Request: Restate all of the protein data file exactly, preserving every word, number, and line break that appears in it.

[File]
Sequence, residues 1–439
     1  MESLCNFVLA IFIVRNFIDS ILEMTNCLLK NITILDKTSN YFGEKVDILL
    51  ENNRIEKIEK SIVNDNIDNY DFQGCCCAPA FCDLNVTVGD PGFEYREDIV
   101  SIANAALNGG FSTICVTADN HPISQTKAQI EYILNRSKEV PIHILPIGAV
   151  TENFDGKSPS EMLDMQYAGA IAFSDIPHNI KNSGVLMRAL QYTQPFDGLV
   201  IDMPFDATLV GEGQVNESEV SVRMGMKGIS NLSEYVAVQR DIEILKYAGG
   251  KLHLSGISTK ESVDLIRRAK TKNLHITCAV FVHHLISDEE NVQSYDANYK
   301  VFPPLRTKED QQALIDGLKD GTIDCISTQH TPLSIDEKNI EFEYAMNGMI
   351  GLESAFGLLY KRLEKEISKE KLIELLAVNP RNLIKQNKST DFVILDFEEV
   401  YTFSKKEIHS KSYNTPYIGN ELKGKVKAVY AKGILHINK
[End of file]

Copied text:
Sequence, residues 1–439
     1  MESLCNFVLA IFIVRNFIDS ILEMTNCLLK NITILDKTSN YFGEKVDILL
    51  ENNRIEKIEK SIVNDNIDNY DFQGCCCAPA FCDLNVTVGD PGFEYREDIV
   101  SIANAALNGG FSTICVTADN HPISQTKAQI EYILNRSKEV PIHILPIGAV
   151  TENFDGKSPS EMLDMQYAGA IAFSDIPHNI KNSGVLMRAL QYTQPFDGLV
   201  IDMPFDATLV GEGQVNESEV SVRMGMKGIS NLSEYVAVQR DIEILKYAGG
   251  KLHLSGISTK ESVDLIRRAK TKNLHITCAV FVHHLISDEE NVQSYDANYK
   301  VFPPLRTKED QQALIDGLKD GTIDCISTQH TPLSIDEKNI EFEYAMNGMI
   351  GLESAFGLLY KRLEKEISKE KLIELLAVNP RNLIKQNKST DFVILDFEEV
   401  YTFSKKEIHS KSYNTPYIGN ELKGKVKAVY AKGILHINK